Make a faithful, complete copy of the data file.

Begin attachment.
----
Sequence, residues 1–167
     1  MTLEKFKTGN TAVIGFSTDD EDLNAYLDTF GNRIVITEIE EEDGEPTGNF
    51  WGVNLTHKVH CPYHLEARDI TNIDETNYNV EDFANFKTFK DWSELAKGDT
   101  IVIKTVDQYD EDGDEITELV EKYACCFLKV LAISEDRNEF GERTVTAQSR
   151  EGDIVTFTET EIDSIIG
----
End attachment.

Sequence, residues 1–167
     1  MTLEKFKTGN TAVIGFSTDD EDLNAYLDTF GNRIVITEIE EEDGEPTGNF
    51  WGVNLTHKVH CPYHLEARDI TNIDETNYNV EDFANFKTFK DWSELAKGDT
   101  IVIKTVDQYD EDGDEITELV EKYACCFLKV LAISEDRNEF GERTVTAQSR
   151  EGDIVTFTET EIDSIIG